Learning how to ride a unicycle – day 2

Today I was practicing unicycle at tennis court close to home. An empty tennis court is better than parking lot, especially on a sunny afternoon. I am getting better than last time. I feel more comfortable sitting on the unicycle. I am slowly getting the sense of balance. I can peddle forward a few steps before falling off the unicycle. Of course, one of my hand still hold on to the fence all the time.

Riding unicycle is very different than riding a bicycle. When riding a bicycle, you usually use your whole body weight to help you peddle. However, when riding a unicycle, the body weight always stay on top of the seat. You will lose balance if you transfer too much weight on to the peddle. You have to unlearn the body motion of riding a bicycle.

Learning unicycle inspire me a few lessons of life that I can apply them to my daily life. It seems counter-intuitive at first, but the more you think about it, the more it makes sense. When you are sitting on a wobbling unicycle, it is human nature to grab something to feel secure. There is a natural tendency to grab on the seat handle. It is a bad idea, you should spread out your arms to help you balance instead. The first lesson is hang on something does not mean you are secured, if the thing you try to hang on needs you to keep it balance.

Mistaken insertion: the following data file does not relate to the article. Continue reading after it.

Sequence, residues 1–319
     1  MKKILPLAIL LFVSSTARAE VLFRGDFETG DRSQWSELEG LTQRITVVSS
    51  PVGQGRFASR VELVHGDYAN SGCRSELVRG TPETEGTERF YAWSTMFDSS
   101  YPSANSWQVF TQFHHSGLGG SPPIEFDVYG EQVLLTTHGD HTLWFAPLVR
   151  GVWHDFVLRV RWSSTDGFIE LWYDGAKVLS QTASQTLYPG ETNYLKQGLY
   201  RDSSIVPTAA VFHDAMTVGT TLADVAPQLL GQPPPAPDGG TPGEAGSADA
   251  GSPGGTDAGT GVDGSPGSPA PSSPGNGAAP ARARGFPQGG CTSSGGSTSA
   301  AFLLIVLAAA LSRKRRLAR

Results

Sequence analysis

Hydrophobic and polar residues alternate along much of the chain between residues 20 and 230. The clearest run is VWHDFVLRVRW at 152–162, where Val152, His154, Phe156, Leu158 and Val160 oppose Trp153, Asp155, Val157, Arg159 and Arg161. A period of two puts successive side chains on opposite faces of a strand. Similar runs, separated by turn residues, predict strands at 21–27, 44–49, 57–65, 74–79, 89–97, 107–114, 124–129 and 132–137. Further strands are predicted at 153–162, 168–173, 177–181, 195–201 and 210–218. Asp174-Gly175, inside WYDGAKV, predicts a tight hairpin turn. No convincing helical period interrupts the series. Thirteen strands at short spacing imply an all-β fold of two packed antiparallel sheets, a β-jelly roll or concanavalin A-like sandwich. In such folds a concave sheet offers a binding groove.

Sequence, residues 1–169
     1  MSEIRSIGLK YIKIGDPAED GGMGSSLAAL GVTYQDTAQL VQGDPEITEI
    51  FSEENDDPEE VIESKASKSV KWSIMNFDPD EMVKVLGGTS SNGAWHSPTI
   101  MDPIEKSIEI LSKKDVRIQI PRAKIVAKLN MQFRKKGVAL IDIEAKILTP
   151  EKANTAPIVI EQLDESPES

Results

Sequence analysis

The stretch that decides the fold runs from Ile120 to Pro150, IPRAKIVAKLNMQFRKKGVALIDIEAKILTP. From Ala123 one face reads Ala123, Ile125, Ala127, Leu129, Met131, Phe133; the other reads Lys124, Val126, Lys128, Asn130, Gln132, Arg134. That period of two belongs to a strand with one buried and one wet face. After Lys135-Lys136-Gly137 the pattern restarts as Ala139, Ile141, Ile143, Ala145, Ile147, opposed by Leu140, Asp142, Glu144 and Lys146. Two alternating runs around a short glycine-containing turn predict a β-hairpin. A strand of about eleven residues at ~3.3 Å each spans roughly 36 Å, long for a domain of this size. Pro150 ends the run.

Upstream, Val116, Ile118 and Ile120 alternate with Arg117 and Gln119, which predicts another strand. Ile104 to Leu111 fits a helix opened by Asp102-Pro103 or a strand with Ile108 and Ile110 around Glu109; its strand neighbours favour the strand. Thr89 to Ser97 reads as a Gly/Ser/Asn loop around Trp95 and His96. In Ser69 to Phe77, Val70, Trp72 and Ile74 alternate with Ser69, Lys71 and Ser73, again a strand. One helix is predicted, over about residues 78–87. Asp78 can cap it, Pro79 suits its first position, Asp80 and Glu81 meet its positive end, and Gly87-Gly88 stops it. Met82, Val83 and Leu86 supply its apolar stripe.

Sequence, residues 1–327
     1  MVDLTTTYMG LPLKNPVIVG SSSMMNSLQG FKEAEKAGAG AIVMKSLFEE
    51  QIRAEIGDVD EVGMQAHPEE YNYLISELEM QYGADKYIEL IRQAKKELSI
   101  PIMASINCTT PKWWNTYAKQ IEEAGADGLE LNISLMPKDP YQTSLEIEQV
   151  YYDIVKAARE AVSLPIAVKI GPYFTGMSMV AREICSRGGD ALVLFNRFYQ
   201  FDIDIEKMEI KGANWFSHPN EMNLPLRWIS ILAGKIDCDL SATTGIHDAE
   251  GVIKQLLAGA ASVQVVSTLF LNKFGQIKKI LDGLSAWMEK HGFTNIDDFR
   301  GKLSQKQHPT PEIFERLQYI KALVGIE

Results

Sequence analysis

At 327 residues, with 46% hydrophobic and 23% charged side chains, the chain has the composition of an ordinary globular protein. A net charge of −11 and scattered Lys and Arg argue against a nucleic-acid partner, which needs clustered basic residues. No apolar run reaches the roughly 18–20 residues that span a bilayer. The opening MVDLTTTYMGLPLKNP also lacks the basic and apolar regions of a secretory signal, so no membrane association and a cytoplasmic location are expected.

Many beginners like to look down at the wheel which supports you and which you suppose to keep it up right. However looking down will throw you off balance. Stop paying attention to where you are, focus on your destination and you will be there. The second lesson is don’t let your mind blogged down by everyday details, think about the big picture and the small things will sort themselves out.

Since I am still a learner, I hold on to the fence all the time. Sometimes when I am peddling forward, I am too scare to let go of my hand off the fence. As a result the wheel rotation forward while my hand is stilling holding to the same position of the fence, my body is twisted and I am off balance. The third lesson is if you want to move forward, you have to stop holding the same spot.

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